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Are Liquid Biopsies Applied Across Every Type of Solid Tumours?

Joana Espiga De Macedo1* and Manuela Machado2

1Department of Medical Oncology, Centro Hospitalar de Entre o Douro e Vouga, 4520-211 Santa Maria da Feira, Portugal

2Department of Medical Oncology, Portuguese Institute of Oncology, 4200-072 Porto, Portugal

*Corresponding Author:
Joana Espiga de Macedo
Department of Medical Oncology
Centro Hospitalar de Entre o Douro e Vouga
4520-211 Santa Maria da Feira
Tel: +351-93-6050138
E-mail: [email protected]

Received date: September 04, 2017; Accepted date: September 30, 2017; Published date: October 06, 2017

Citation: De Macedo JE, Machado M (2017) Are Liquid Biopsies Applied Across Every Type of Solid Tumours? J Neoplasm. Vol.2 No.3:12. doiI: 10.21767/2576-3903.100021

Visit for more related articles at Journal of Neoplasm


Liquid biopsies have for long received enormous attention due to its clinical immediate application in daily practice. This short review focuses in how the detection of circulating tumour cells (CTCs) and/or circulating tumour DNA and RNA (ctDNA/RNA), from peripheral blood, have prognostic and predictive impact across the most common type of solid tumours. In the era of Precision Medicine liquid biopsies have revolutionized the era of translational research wilt direct benefit in the quality of care of our patients and with high public interest.


Liquid biopsies; Precision medicine; Solid tumours


Emerging data has been invading, in a daily bases, our lives with new evidence concerning the application of liquid biopsies in many solid tumours. Many are the advantages of liquid biopsies in relation to tissue biopsies, widely well known for those in the field of this new era of translational research [1]. Liquid biopsies consist in fact in searching for and collecting circulating tumour cells (CTCs) and/or circulating tumour DNA and RNA (ctDNA/RNA), from peripheral blood [2]. The identification of specific oncogenic mutations can make the whole difference concerning the weapons that clinicians can use and it’s timing of application, or procedures to be applied earlier, before classical diagnosis. Recently, last May 2017, the College of American Pathologist, the Association of Molecular Pathology as well as the European Society of Pathology, have validated the guidelines for next generating sequencing (NGS) as the standard of care in some guidelines. The aim of this short communication is to inform clinicians, of the different applications of liquid biopsies already recommended, studies that lead either to its routine use as in a daily bases or used in clinical trials allowing validation in the most common malignant solid tumours.

Application in Solid Tumors

Breast Cancer has for long been a great concern for clinicians to detect progression in the metastatic context before traditional exams. A recent study, which included 30 patients with metastatic breast cancer in systemic treatment, demonstrated that when imagiological tests, such as X-ray and analytic testing with CA15 [3] when compared to ctDNA, were in favour of ctDNA. In fact ctDNA is a good biomarker with a superior sensitivity and with direct clinical application, by detecting early response to treatment and progression, when compared to classical evaluation (clinical, analytic and imagiological) [3]. In an even earlier study, in 2004, 177 patients with metastatic breast cancer were tested before treatment and in follow-up for CTCs in a prospective multicentre study. On that study, CTCs proved to be a positive prognostic factor, and an independent predictor of progression-free-survival (PFS) and overall survival (OS) in metastatic breast cancer [4]. The DETECT study proved that cell search test is one viable test with prognostic impact in the detection of metastases, PFS and OS in metastatic breast cancer [5]. In a prospective study with non-metastatic breast cancer detection of CTCs predicted early recurrence and decreased OS in chemo-naive patients. In other words in the non-metastatic setting identification of CTCs also has prognostic relevance [6].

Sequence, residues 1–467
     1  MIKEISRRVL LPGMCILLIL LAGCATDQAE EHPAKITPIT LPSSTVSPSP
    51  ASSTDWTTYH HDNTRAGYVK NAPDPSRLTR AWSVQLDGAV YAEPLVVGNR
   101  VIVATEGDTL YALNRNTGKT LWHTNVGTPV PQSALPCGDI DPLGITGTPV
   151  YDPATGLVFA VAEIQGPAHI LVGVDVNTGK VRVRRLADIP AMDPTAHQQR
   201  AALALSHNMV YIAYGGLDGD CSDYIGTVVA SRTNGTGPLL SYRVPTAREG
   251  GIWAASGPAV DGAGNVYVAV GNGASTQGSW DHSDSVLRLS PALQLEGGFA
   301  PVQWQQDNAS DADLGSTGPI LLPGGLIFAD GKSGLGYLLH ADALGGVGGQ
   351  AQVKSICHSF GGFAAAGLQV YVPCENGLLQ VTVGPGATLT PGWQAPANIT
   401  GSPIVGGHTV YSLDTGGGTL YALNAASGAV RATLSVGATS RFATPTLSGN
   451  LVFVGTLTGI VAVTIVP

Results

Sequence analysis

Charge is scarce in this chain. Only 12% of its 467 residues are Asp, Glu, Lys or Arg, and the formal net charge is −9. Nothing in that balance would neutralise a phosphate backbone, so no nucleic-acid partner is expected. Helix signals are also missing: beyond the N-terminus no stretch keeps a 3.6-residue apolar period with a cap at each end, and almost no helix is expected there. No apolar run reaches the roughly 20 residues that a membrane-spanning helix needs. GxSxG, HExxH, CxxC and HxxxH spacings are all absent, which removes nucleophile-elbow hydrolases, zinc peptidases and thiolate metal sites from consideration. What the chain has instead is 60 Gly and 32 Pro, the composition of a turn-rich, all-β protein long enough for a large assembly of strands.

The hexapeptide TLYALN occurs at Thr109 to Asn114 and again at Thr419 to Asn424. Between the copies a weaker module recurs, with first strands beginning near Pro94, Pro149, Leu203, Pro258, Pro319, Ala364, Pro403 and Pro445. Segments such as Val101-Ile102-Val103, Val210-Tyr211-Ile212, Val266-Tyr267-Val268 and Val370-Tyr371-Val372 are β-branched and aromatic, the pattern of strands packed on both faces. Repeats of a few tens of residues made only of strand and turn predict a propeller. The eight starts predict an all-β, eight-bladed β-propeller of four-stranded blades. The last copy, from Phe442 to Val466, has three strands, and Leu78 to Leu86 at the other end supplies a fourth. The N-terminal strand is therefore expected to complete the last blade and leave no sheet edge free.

Concerning metastatic castration-resistant prostate cancer (mCRPC), the determination of CTC has demonstrated predictive and prognostic benefit in survival in patients submitted to treatment. One study enrolled 276 patients with progressive disease starting a new line of systemic treatment. They were monitored during follow-up. Once again, CTCs proved to be an independent predictor of OS. As a consequence of this study the Food Drug Administration (FDA) has validated its evaluation in CRPC patients [7]; CTCs were validated as a prognostic and also as a predictive factor. Some meta-analysis and systemic reviews of the published literature investigated the relationship between CTC and survival in prostate cancer patients. Enough evidence supported the notion that CTCs are important biomarkers, with prognostic impact in therapeutic decisions in prostate cancer patients [8]. Recently, studies have demonstrated that the detection of androgen receptor (AR) mutations, such as AR splice variants (AR-Vs), being AR-V7 the most common, its status (AR gain or AR mutations) in CTCs or cfDNA detected by NGS, have demonstrated that the may be predictive of response or attribute a worse prognosis, in mCRPC [9]. In fact, AR-V7 status plays a relevant role in determining response to treatment with enzalutamide and abiraterone, but more prospective studies need to be performed [10]. AR point mutations such as L702H and T878A demonstrated resistance to abiraterone, and F877L point mutation demonstrated resistance to enzalutamide. Other important biomarkers have also been identified such as full-length AR (AR-FL), and AR copy number gain have also been detected either in cfDNA as well as in CTCs11. Recurrent gene fusion between the androgenregulated gene TMPRSS2 and members of the ETS transcription factor family, most commonly ERG, are present in about 50% of prostate cancer cases. TMPRSS2-ERG has also been identified in CTCs, and the presence of this fusion gene is a critical event in the development of prostate cancer [11].